Wood frog (Rana sylvatica)

Among the many things that herald spring in Connecticut, one of our favorites is the "quork, quork, quork"
of wood frog males calling for mates. The wood frog has the ability to survive long cold winters by allowing part of its body to freeze. Specialized liver proteins and glucose prevent the inside of the cells from freezing and keep them hydrated while still allowing ice to form on the frog. At the same time, the wood frog’s breathing, heart rate and blood flow stops. In spring the wood frogs thaw and come back to life.<br><br>Our wood frog can be found in the Reptile House, which is located in the New England Farmyard. The wood frog does like to hide, so take a closer look. You may not know, but 2008 is the “Year of the Frog” at all AZA zoos and aquariums, including here at Connecticut’s Beardsley Zoo.


A medium sized frog ranging from 1.5 to 3 inches in length. The females are larger than the males. They can be varied in their colors, but for the most part they are tan, brown or rust colored. They also have a dark brown mask, which starts around the eyes and travels back to the base of their front limbs. The underside is usually yellowish, or sometimes greenish-white.


Mostly found in various woodlands, including forested swamps, ravines and bogs. During early spring they will breed in vernal pools.


Wood frogs range from northern Georgia north along the Appalachian Mountains through New England and north into Canada. They are also found throughout most of Canada and into Alaska. This is the only species of frog found north of the Arctic Circle.


The adults eat a wide variety of insects and invertebrates, including spiders, beetles, slugs, snails and caterpillars. The tadpoles mostly eat algae.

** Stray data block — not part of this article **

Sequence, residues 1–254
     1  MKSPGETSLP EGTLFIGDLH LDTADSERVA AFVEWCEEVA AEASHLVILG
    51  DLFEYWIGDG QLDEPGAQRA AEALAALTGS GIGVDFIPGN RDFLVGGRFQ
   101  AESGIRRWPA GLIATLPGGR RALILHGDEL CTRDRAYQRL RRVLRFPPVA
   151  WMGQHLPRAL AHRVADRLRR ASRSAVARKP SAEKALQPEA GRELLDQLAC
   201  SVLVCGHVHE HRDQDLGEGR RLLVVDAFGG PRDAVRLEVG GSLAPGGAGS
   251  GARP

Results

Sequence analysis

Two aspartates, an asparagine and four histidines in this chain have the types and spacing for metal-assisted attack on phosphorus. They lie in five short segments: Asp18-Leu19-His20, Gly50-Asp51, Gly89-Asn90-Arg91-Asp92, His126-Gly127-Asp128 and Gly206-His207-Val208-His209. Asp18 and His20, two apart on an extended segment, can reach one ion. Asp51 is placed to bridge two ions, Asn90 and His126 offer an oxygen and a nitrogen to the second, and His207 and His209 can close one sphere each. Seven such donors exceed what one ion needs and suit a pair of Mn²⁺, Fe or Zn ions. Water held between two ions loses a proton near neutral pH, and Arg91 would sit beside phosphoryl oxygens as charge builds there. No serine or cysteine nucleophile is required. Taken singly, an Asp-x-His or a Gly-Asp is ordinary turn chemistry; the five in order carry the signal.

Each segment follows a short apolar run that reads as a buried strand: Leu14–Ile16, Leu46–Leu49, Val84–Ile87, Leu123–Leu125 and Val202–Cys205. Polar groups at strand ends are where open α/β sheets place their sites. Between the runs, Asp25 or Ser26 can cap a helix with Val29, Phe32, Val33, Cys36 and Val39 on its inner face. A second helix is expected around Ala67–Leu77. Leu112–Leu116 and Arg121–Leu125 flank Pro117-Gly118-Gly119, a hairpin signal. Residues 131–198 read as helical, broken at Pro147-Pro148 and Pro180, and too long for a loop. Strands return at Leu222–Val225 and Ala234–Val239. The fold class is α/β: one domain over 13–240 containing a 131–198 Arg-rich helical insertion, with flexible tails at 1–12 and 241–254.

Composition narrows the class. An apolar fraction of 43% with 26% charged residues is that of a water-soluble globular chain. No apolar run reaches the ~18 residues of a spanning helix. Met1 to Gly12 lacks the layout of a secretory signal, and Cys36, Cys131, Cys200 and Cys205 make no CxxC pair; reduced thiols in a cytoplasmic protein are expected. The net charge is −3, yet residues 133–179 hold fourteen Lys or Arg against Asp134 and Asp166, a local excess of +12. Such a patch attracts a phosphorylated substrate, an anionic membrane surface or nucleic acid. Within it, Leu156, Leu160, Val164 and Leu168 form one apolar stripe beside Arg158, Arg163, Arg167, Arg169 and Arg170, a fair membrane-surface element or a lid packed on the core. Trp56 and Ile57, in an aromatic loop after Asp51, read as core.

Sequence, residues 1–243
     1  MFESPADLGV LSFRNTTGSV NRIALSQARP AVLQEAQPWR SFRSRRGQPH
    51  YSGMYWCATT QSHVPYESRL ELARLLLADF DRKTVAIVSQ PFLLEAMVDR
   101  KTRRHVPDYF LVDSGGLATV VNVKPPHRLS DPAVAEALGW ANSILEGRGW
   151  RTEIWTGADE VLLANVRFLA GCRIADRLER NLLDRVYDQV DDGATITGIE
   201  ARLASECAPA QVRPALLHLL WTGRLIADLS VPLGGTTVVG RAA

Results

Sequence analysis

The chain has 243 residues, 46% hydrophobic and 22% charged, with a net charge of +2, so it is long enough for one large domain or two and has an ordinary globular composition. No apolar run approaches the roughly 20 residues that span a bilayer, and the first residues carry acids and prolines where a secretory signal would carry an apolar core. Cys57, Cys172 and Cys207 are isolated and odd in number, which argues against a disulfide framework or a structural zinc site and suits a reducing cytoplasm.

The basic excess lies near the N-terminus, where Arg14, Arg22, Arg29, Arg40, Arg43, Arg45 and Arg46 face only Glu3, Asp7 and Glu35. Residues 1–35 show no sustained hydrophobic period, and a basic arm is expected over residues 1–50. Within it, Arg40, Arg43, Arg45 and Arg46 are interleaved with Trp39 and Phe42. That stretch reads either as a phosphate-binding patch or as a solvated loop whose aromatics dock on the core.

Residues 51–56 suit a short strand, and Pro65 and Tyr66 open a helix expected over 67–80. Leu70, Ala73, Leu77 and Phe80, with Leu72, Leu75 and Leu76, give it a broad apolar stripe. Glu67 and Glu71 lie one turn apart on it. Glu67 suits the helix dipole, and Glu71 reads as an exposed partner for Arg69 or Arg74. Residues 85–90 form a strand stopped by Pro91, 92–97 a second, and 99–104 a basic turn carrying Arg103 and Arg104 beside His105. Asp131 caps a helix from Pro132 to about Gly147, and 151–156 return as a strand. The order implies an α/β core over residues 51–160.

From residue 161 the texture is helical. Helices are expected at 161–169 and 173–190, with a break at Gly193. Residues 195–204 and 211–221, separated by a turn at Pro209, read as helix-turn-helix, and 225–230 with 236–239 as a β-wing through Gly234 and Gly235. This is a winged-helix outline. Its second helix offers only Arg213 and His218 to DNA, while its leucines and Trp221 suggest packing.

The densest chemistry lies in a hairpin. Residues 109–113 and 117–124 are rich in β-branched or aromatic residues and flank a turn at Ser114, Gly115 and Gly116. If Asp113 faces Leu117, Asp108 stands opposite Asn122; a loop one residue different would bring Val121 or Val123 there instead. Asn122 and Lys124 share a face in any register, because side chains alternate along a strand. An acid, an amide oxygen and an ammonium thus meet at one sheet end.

Life Span: 

Up to 3 years.

Family Life: 

The wood frog is the first frog to begin the breeding season in early spring, and sometimes they can be heard calling when there is still ice covering the vernal pools. The call of the wood frog sounds like a quacking duck. The calls are usually repeated and are only made during the breeding season. The tadpoles go through metamorphosis in about 2 months, and the new young frogs leave the vernal pools before the water dries up during the summer months. Many amphibians including the wood frog breed in vernal pools to avoid predation on the larvae. Since vernal pools dry up in the summer, fish and other predators that require permanent water cannot live in vernal pools, allowing the larvae of amphibians to survive.


Wood frogs are fairly common and are listed as least concern under IUCN. Habitat destruction, especially on vernal pools, may impact wood frog populations and the populations of other amphibian, especially the eastern spadefoot toad, which is an endangered species here in Connecticut. The Chytrid fungus is also a serious threat to wood frogs and all amphibians worldwide. This fungus infects the amphibians’ skin and leads to death.